DIY Home Improvement Forum banner

Furnace to Large

670 Views 6 Replies 6 Participants Last post by  nking48076
I have a 8 year old 80%Goodman furnace that has a 140 btu input and 112 btu output. My home is a two story colonial that is approximately 2000 sq foot, I've been told that the furnace is to large for the home and that i should downsize. I do not want to spend the money on a new furnace, is it ok to continue to use the furnace from a safety aspect?
1 - 7 of 7 Posts
Ayuh,.... It's been just fine for 8 years,....

I can't see a problem,....
No safety issues on running the furnace. Where are you located?
Hi nking and welcome to the forum.
The penalty is one of efficiency as opposed to safety, the furnace has limits and controls to handle the safety. The size of your house doesn't indicate the need for a unit that big, but the actual size calculations should have been done. Unfortunately, if those calculations pointed to the furnace size you have they should have improved the house and not oversized the furnace.

If you want to do some real DIY you can do your own heat loss evaluation and learn more about short cycling and air distribution. In the end you will probably find areas where you can reduce your energy costs and if in the future you need a new furnace you will know what size.

As a note, some furnaces have the ability to be downsized, but your numbers suggest oil heat. Gas is more flexible, but still a question to ask your service person on his next visit.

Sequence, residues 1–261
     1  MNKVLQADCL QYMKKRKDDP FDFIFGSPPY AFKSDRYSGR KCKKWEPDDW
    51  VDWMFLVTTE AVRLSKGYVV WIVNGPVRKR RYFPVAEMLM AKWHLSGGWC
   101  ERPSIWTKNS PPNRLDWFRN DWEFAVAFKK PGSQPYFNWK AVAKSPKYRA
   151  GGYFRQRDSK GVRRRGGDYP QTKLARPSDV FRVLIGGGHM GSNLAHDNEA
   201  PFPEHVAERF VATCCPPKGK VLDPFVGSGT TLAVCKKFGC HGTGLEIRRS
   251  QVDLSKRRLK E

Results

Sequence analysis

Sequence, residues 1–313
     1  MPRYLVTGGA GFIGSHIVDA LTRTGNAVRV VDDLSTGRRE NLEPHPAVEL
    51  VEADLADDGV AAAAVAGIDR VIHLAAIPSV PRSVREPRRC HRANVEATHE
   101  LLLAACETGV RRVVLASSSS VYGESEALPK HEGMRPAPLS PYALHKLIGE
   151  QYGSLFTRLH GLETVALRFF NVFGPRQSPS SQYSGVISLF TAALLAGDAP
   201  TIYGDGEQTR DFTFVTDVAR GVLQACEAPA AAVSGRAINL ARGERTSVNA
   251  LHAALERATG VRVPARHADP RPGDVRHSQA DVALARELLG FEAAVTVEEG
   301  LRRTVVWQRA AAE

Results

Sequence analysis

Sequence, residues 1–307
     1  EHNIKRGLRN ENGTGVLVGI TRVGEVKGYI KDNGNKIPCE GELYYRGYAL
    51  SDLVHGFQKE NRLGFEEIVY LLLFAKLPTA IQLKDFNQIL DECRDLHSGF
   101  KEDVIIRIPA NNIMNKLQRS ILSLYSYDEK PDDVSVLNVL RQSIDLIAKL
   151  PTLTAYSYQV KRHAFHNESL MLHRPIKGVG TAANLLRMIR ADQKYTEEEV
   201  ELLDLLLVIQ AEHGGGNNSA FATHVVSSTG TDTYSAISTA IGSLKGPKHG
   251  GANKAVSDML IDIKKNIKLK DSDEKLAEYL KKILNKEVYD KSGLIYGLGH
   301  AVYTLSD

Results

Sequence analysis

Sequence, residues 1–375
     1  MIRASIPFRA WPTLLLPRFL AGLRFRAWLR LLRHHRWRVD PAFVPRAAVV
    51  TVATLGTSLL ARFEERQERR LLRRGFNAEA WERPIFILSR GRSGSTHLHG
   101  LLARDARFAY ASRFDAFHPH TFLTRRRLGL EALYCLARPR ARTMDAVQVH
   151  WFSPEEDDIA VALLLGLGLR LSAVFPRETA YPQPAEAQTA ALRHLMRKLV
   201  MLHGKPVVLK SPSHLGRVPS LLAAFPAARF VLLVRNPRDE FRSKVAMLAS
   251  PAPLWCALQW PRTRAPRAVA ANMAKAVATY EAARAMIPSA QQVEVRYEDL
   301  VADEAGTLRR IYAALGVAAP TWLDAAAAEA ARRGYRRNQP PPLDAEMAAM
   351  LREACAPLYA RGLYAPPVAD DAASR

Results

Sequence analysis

It's note really a safety issue. But the furnace can lead a (very) short life, and use excessive amounts of fuel being oversized.
It becomes a safety issue when the heat exchanger burns out.
  • Like
Reactions: 1
It is too big even where I live and it gets very cold here.

If you have big old school ducts and the furnace can move enough air/heat so that it is not tripping on the high temp limit all the time then it is OK to use. It may have shorter cycles but is not dangerous and will last a long time. If it is cycling on the limit control it will break that control and leave you w/o heat and shorten the life of the heat exchanger as it is running too hot.

I would continue to use it until it dies and get some moneys worth out of it. I would do a load calc and find the right size and insist the next contractor do the load calc and get the size right. Short cycles wastes some air/heat as it is purging it at the start.
Guys thanks for the responses, I live in Michigan where its gets pretty cold but it has not been the last couple of years. I will ride it out. Again thank you.
1 - 7 of 7 Posts
This is an older thread, you may not receive a response, and could be reviving an old thread. Please consider creating a new thread.